House of the Temple
1733 16th St., NW
Washington, DC 20009-3103
Hours: M-F 8am-3:30 pm
First Saturday of the month:
a "Mondo DC" radio broadcast about the House of the Temple, as aired on
WAMU-FM's "Metro Connection" program, January 11, 2008:
For a fraternal order with a sinister reputation for
secret geopolitical deals sealed by secret handshakes, the Masons sure
have an open door policy to their temples. Here at the headquarters building
of the Scottish Rite of Freemasonry, Southern Jurisdiction, on 16th Street,
NW, in DC, they so love to brag about the grandiose architecture and interior
design of their House of the Temple that they'll usher all comers through
their grand meeting halls, describing the intricate symbolism of every
tile, sculpture, corner and stone. They so love to show off the loot they've
collected over the years that they've even put all their Scottish Rite
regalia out for show. They've stocked a museum, several libraries, and
multiple exhibit halls just to make sure you stay longer. You're likely
to find a trip to the House of the Temple so fascinating you'll be thinking
about freemasonry for a long time after. But likely in a good way.
The Southern Masons are rightfully proud of the architecture
of their headquarters, as it's long been acknowledged as a high water mark
of the American Neo-Classical style. The architect, John Russell Pope,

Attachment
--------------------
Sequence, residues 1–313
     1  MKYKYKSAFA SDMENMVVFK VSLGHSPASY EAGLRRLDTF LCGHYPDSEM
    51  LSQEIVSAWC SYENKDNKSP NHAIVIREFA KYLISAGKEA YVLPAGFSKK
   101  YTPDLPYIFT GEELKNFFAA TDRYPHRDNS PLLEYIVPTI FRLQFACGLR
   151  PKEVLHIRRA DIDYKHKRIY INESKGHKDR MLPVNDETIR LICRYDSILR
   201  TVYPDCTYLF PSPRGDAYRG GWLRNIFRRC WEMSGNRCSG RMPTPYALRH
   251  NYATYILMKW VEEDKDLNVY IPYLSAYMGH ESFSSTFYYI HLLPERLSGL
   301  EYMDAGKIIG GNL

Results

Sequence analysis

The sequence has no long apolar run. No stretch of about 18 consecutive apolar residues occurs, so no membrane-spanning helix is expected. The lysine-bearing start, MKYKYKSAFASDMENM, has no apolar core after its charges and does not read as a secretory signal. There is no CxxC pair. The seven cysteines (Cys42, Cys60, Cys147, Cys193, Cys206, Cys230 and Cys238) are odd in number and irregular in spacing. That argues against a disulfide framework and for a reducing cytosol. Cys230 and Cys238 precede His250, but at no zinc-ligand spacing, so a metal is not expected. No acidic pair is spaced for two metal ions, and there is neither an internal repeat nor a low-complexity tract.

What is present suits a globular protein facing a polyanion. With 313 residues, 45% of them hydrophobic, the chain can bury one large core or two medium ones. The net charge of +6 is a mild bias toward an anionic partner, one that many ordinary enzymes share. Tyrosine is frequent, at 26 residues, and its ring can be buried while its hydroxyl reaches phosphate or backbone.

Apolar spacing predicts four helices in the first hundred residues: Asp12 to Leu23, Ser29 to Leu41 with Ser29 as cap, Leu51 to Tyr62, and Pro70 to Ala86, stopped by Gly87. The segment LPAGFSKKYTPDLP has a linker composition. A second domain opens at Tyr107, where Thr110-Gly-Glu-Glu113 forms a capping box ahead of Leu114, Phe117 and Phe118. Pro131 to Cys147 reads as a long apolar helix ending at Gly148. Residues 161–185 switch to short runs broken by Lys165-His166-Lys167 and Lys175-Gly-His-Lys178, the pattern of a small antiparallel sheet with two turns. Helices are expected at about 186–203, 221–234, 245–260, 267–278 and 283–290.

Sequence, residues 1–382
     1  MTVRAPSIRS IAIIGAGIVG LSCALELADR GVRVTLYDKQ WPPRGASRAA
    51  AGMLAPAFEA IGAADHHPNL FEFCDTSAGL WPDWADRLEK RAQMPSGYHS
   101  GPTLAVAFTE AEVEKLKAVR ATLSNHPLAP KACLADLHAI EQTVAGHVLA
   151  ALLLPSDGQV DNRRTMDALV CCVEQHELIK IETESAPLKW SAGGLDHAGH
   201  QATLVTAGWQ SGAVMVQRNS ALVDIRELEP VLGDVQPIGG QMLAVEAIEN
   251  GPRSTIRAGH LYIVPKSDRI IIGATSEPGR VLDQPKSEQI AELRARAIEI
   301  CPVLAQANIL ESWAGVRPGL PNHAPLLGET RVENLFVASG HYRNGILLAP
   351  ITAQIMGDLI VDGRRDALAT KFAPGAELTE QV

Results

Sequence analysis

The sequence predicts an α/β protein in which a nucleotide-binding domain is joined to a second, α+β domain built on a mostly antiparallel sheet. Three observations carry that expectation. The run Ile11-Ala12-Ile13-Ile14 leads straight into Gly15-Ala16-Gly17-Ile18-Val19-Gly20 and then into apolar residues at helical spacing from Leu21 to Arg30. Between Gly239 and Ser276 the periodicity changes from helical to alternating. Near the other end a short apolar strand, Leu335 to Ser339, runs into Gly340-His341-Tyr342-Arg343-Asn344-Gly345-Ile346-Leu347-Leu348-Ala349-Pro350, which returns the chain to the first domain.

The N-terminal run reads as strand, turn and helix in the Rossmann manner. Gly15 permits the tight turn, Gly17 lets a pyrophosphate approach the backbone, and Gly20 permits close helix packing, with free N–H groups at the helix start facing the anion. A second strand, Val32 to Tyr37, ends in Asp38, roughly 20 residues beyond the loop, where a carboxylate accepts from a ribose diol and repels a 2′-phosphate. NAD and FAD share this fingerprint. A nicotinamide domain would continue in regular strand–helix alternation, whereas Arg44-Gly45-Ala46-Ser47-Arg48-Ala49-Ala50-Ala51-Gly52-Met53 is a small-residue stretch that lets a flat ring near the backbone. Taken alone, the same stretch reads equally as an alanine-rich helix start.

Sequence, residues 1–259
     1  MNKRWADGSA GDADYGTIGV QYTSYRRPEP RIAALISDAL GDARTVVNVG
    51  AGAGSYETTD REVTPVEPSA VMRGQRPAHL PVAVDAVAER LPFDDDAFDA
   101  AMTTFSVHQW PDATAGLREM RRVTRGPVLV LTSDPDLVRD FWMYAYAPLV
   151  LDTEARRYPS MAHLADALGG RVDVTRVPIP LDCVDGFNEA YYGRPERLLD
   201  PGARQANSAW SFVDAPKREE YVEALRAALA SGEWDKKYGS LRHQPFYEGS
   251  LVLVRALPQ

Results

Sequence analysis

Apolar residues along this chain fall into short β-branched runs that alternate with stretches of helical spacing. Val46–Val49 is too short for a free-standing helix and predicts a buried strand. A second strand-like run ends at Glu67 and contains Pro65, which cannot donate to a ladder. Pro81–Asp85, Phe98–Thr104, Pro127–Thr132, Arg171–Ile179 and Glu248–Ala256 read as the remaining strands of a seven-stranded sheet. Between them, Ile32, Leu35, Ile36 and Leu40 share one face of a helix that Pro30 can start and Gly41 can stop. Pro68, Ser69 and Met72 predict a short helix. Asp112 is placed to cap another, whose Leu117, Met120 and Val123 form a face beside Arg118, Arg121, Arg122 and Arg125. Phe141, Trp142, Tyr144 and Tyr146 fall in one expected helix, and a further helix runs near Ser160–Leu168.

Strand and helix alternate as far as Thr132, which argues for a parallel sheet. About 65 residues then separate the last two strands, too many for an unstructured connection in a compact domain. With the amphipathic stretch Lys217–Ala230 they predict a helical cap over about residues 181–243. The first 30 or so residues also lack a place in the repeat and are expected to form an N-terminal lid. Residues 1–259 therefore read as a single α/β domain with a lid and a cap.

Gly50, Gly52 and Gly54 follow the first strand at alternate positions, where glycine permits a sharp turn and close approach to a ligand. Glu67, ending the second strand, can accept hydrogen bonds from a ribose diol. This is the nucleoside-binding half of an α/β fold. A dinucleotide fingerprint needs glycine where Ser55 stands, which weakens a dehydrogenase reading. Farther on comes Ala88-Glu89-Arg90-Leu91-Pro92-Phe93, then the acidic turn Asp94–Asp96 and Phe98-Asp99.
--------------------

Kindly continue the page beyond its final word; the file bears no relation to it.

modeled the building on the Mausoleum at Halicarnassus, one of the "Seven
Wonders of the Ancient World," and the success of his new building earned
him commissions to design the National Gallery of Art, National Archives,
and the Jefferson Memorial. Completed in 1915, the House of the Temple
has been open to the general public for tours ever since.
The wonders of the temple begin outside with the two marble
sphinxes you encounter at the top of the stairs leading into the building.
Like every feature of the building, these beasts are Highly Symbolic. Note
that the one on the right has its eyes half closed, and the other has its
eyes wide open; the former represents Wisdom, and the second Power. Perhaps
more meaningful to the average visitor is the fact that each one was carved
from a solid piece of stone and weighs 17 tons. The building's exterior
is surrounded by 33 pillars, for the highest Masonic degree; 32 would fit
symmetrically on the four-sided building, meaning that the odd pillar had
to be squeezed in somewhere. Perhaps Dan Brown can work that conundrum
into his next novel.
If you like pillars, marble, and the imagery of Ancient
Egypt, you'll find the Atrium well-suited to your taste. And of course,
everything carries a Deep Meaning. (The excellent virtual
tour explains all that stuff quite well. There are wooden chairs with
a double-headed eagle design, a beautiful frieze in Egyptian style, and
bronze lamps incorporating the head of Hermes. Don't forget to look up.
The ceiling has been elaborately painted in Egyptian motifs. The large
Egyptian figures, one male and the other female, were carved on the spot
from solid pieces of black marble. The large marble banquet table in the
center of the room holds a bowl full of free goodies--compasses and heavy
commemorative coins on my recent visit. These free souvenirs are further
proof that the Masons are truly glad you stopped by.
The Supreme Council, 33, must have decided that their
ornate building would not attract enough foot traffic, so they opened the
first public library in the District of Columbia here. Among the rarities
in the collection is one of four surviving copies of the first Masonic